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Re: [dvd-discuss] [OT] Model for copyright?

On 3 Sep 2002, D. C. Sessions wrote:
> I can't claim that this is original, but it's certainly
> interesting:
> Proposed that the objective of incenting artists while
> enriching the public domain with still-valuable works is
> reasonably accomplished by determining when the artist has
> received *most* [1] of the commercial value of the work.

The idea that copyright exists to provide financial incentive to artists
is fallacious at best.  This was a notion conceived by the capitalists
very late in the game.

The purpose of copyright as described in the Constitution (promotion of
the progress of science by securing exclusive rights of writings to their
respective authors) is to preserve the integrity of a work by ensuring the
author approves each revision over some limited time (presumably until the
work has been solidified for posterity before the plagiarists and
condensors get their hands on it).  It only applies to scientific writings
because no other kind of writing requires that kind of protection.  For
example, it is the nature of fine art to feed upon, reinterpret, and
mimick the culture in which it is produced and, hence, other works of art.

It is nonsense to believe that authors need monetary incentive to write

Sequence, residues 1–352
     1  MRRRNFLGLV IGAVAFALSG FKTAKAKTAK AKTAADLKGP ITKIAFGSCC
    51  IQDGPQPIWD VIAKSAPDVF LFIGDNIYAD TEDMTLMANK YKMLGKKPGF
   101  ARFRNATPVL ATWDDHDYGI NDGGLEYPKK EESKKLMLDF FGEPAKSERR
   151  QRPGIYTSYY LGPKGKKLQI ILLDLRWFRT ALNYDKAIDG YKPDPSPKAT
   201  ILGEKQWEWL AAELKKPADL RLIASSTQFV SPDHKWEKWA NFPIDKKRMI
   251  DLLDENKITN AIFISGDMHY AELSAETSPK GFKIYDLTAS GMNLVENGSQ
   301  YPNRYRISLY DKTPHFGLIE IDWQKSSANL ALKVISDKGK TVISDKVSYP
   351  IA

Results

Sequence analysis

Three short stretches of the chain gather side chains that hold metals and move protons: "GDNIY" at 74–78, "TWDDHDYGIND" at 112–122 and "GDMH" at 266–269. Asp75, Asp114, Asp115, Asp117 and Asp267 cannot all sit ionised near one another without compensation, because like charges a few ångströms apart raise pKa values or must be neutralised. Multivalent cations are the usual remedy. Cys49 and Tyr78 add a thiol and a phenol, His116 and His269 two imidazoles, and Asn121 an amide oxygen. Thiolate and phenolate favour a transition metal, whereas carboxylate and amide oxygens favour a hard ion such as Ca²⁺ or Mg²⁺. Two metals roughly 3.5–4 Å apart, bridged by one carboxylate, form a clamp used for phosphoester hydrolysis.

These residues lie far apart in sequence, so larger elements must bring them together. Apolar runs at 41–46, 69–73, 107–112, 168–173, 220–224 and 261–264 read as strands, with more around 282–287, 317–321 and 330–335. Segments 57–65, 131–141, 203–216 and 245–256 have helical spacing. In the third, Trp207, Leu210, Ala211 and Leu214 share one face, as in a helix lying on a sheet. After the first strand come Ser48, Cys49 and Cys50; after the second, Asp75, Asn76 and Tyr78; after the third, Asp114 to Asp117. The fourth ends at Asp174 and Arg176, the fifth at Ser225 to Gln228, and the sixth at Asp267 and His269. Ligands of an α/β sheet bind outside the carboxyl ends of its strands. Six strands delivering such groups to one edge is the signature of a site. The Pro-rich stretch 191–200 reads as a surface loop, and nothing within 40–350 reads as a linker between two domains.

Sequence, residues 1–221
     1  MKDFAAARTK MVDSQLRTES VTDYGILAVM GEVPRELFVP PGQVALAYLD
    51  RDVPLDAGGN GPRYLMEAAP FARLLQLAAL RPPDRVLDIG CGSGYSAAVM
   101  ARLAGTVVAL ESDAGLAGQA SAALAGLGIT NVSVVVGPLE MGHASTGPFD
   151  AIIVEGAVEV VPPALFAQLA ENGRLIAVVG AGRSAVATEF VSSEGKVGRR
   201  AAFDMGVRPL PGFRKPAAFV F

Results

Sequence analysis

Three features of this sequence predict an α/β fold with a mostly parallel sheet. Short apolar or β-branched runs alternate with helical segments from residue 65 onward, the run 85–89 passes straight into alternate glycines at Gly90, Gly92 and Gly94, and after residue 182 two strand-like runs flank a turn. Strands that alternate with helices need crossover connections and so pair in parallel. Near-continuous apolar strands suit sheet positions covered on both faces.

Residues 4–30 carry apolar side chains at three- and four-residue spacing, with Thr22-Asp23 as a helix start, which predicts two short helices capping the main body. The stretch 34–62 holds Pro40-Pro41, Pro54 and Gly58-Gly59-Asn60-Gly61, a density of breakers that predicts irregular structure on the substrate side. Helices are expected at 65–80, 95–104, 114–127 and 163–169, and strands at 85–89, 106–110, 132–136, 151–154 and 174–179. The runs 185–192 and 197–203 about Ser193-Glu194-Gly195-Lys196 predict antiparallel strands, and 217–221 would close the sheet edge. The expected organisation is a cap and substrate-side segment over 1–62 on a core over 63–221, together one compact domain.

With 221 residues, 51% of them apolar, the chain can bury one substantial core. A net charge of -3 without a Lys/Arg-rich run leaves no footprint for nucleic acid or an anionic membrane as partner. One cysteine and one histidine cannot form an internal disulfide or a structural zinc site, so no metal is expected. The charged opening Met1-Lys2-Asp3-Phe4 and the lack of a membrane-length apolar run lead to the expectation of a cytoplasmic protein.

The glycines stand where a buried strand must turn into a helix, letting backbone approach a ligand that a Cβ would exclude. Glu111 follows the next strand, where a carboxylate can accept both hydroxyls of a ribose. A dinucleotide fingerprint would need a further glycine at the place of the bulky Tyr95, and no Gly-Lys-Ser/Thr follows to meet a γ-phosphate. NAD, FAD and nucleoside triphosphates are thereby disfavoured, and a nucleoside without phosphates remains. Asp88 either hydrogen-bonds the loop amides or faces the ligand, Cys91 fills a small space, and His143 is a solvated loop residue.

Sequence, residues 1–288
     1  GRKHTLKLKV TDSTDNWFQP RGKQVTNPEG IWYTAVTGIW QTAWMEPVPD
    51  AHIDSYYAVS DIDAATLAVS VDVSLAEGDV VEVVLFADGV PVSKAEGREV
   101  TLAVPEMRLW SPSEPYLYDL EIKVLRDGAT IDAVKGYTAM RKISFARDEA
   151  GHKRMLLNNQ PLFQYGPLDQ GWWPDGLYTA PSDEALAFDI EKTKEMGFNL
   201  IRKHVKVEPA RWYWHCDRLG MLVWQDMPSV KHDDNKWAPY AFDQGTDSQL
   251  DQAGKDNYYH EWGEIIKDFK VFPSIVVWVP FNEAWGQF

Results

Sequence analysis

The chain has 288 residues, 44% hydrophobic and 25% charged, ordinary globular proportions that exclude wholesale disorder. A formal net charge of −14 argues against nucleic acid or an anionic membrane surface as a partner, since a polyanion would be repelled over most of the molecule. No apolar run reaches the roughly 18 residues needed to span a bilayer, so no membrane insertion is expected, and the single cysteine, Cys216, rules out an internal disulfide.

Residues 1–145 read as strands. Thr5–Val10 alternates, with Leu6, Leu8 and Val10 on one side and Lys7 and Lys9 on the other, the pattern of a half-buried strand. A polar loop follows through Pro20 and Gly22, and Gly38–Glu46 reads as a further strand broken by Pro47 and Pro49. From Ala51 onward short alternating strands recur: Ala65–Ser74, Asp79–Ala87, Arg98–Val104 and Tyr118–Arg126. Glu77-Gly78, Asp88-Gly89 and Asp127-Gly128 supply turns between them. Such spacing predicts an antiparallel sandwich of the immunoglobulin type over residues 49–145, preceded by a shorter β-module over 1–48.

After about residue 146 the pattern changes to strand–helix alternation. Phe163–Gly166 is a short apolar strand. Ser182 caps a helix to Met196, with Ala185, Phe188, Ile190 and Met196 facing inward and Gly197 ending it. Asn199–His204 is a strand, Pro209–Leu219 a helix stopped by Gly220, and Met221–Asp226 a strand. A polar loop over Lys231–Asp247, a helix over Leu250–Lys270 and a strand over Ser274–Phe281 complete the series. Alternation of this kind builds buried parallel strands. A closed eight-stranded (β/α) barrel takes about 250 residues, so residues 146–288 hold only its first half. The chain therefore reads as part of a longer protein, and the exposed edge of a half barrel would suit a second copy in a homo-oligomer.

(or filmmakers need monetary incentive to make films or sculptors need
monetary incentive to sculpt).  Authors write because if they didn't,
they'd explode.  In fact, I think you'd probably find that work done for
monetary incentive is sub-par when measured against work done for passion
or love.

When you start to buy into this idea of monetary incentive (and, more
abstractly, the concept of "deserving"), you start down a path of greed,
selfishness, exploitation and other horribly destructive practices that
can be avoided altogether.

Buy their arguments and you give them power... both indirectly and
directly.  You give them power by showing how influential they are and you
give them power buy agreeing to the legislation that gives them control of
money and culture.

Personally, I think the entire copyright system can be replaced with a
cryptographic signature system that can verify whether or not a work came
from a particular author.  (This would also solve the problem of
historical revision in digital media by news websites and the like.)

     Jeme A Brelin
 [cc] counter-copyright